Prebiotics: Should You Be Eating Them?

Not to be confused with probiotics, prebiotics are a type of fiber that feed the friendly bacteria in your gut. Here's an overview of prebiotics and their benefits.

What are prebiotics?

As we mentioned, prebiotics are a type of fiber, which are indigestible and therefore are able to travel all the way down to the colon where bacteria in your gut ferment the fiber, using it for fuel. The process of fermentation also results in the production of products, such as short chain fatty acids, that help regulate the immune system, the digestive system, and several other systems in your body.

Prebiotics are present in all fiber rich foods including fruits, vegetables, whole grains, and beans. In more scientific terms, the types of fiber technically considered prebiotics include fructans (inulin and fructo-oligosaccharide or oligofructose), galacto-oligosaccharides, resistant starch, “other” oligosaccharides (e.g. pectin, and certain sugars such as xylose), and non-carbohydrate oligosaccharides (e.g. cocoa-derived flavanols). It should be noted that prebiotics are different from probiotics. Probiotics refers to live bacteria consumed in the form of fermented foods or supplements, whereas prebiotics refers to the food for these bacteria.

What are the claimed benefits?

Prebiotics are said to improve health in many ways including:

  • Increasing calcium absorptions

  • Decreasing the risk of allergies

  • Boosting the immune system

  • Improve symptoms of irritable bowel syndrome

What does the science say?

Consuming prebiotics helps to change the composition of bacteria in your gut, so that there are more friendly and health promoting bacteria than harmful bacteria residing in your colon. Additionally, as the bacteria ferment the fiber they produce short chain fatty acids (SCFA), which have numerous health benefits. SCFAs play a large role in regulation of immunity, maintenance of gut health, and in taming systemic inflammation. Below is a closer look at exactly how probiotics and short chain fatty acids help to promote and maintain overall health.

Increase calcium absorption: The production of SCFAs lowers the pH of the intestines, creating an acidic environment which is believed to assist with calcium absorption. This ultimately helps prevent bone degradation with age and protect against osteoporosis.

Boost Immunity and Decreased Inflammation: SCFAs and other products produced by the bacteria in your gut help to regulate the immune system and prevent inflammation. This ultimately decreases the risk of developing chronic diseases such as heart disease and diabetes.

Improved Symptoms of Irritable Bowel Syndrome and inflammatory Bowel Disease: Prebiotics stimulate the growth of bacteria known to be beneficial, which helps to crowd out potentially harmful bacteria. This in itself helps to decrease inflammation since an overgrowth of bad bacteria has been associated with conditions like irritable bowel syndrome. Additionally, the bacteria within the microbiome regulate the immune system by signalling for an increase in the production of anti-inflammatory cytokines and a decrease in the production of inflammatory cytokines. They also decrease intestinal permeability and increase the production of mucus -- both of which help to mitigate inflammation and maintain normal healthy gut function.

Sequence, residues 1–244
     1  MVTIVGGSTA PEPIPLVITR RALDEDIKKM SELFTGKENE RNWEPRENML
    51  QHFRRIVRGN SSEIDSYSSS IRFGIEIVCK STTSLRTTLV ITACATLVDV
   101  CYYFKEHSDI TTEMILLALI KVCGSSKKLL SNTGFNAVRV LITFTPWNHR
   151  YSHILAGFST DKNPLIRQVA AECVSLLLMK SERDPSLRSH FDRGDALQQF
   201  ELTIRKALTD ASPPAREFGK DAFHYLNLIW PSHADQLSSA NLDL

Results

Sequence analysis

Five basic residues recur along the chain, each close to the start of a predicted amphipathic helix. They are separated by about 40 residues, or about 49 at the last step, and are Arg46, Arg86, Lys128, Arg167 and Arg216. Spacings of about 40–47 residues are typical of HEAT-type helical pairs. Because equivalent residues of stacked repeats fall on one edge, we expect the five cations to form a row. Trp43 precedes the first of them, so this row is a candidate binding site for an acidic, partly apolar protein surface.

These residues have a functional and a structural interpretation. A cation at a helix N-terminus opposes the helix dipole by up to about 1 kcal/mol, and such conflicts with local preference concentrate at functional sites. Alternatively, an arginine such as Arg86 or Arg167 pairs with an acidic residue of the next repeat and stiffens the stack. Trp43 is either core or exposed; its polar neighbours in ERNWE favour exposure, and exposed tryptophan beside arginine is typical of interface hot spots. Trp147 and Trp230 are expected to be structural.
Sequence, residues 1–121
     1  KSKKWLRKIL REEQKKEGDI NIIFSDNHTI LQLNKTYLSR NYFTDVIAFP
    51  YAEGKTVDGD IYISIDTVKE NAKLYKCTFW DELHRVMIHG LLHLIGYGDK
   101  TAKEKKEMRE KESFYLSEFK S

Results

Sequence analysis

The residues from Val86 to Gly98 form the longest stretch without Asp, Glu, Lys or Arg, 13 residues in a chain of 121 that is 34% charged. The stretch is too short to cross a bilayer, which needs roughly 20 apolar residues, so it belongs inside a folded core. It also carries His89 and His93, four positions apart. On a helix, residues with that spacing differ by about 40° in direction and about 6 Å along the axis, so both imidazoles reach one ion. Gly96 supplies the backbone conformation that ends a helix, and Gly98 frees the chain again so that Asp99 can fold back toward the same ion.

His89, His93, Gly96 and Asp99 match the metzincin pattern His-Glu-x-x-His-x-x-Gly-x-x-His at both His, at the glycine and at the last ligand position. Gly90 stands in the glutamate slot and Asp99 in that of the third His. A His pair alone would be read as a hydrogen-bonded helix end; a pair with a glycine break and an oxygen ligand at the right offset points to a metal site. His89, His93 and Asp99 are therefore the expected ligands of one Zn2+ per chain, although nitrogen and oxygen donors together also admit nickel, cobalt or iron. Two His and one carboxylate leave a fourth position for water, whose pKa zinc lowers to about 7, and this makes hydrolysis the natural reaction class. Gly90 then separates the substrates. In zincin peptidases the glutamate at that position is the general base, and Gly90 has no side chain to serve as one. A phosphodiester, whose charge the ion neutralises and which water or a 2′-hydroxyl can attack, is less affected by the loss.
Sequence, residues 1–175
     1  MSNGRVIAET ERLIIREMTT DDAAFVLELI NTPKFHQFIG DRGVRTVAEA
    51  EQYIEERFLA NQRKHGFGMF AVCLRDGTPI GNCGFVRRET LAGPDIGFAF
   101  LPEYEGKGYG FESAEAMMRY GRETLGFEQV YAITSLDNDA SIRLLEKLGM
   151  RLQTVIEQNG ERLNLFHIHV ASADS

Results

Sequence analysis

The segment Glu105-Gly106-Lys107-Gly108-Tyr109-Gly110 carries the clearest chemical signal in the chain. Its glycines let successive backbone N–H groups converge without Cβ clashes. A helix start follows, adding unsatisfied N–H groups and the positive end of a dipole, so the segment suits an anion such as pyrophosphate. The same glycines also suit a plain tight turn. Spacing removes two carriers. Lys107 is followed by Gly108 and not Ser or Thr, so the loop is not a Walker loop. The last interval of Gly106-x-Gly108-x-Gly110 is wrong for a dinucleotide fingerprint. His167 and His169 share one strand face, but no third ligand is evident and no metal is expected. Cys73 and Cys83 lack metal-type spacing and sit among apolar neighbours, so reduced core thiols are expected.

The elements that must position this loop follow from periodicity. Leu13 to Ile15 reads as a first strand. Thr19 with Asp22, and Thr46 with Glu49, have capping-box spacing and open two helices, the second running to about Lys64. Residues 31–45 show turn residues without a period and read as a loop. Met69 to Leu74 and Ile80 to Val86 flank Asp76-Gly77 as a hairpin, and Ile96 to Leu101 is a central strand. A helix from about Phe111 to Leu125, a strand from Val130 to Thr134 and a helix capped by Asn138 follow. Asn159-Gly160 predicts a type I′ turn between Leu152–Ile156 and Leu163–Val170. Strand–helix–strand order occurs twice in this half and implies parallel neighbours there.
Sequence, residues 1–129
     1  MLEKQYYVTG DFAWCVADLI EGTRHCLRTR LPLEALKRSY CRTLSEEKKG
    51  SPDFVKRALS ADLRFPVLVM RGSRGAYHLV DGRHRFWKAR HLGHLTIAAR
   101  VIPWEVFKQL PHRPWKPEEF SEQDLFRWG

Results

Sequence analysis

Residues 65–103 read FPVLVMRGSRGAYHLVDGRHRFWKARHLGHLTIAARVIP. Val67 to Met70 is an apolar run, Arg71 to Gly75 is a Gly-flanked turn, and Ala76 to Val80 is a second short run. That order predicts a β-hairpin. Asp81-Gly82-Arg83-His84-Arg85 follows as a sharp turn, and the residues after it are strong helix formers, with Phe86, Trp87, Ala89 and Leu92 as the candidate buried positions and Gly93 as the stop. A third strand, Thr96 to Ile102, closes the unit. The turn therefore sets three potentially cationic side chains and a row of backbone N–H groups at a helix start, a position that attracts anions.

Allergies: Thus far there is no specific evidence that prebiotics assist with allergies

Prebiotics are generally recognized as safe, however consuming too much fiber or increasing your fiber intake too quickly can cause abdominal pain, bloating, flatulence, and diarrhea.

The Apeiron Life perspective

Our goal is to support your long term health and thus far the research has clearly demonstrated the numerous health benefits of a diet rich in fiber (prebiotics). It’s recommended to consume at least 30 grams of fiber a day in order to adequately support the gut and overall health. It’s estimated that Americans consume on average 15 grams of fiber a day, so chances are you could probably add in a bit more. If you already have a higher fiber diet and are experiencing consistent abdominal pain, bloating, gas, and/or diarrhea it’s best to speak with a nutritionally-informed doctor or Registered Dietitian for further evaluation.

Will prebiotics benefit you?

Yes! One of the best ways to support optimal health is through nourishing the gut microbiome and one of the best ways to feed the microbiome is through a fiber rich diet.

Eat these foods

If you are interested in increasing your intake of prebiotics, the best thing to do is to add more fiber into your diet by consuming more whole plant foods. Below are a few examples of foods rich in prebiotics:

  • Vegetables: onions, garlic, leeks, shallots, spring onion, asparagus, dandelion greens, jerusalem artichokes (sunchokes), chicory, beets, fennel, green peas, snow peas, sweetcorn, savoy cabbage, eggplant, endive, radicchio, jicama root

  • Fruits: nectarines, peaches, persimmon, tamarillo, watermelon, rambutan, grapefruit, pomegranate, dried dates and figs, apples, bananas

  • Grains: barley, rye bread & crackers, whole wheat pasta & bread, wheat bran, oats

  • Legumes: chickpeas, lentils, red kidney beans, black beans, soybeans

  • Nuts & seeds: cashews, pistachios, flax

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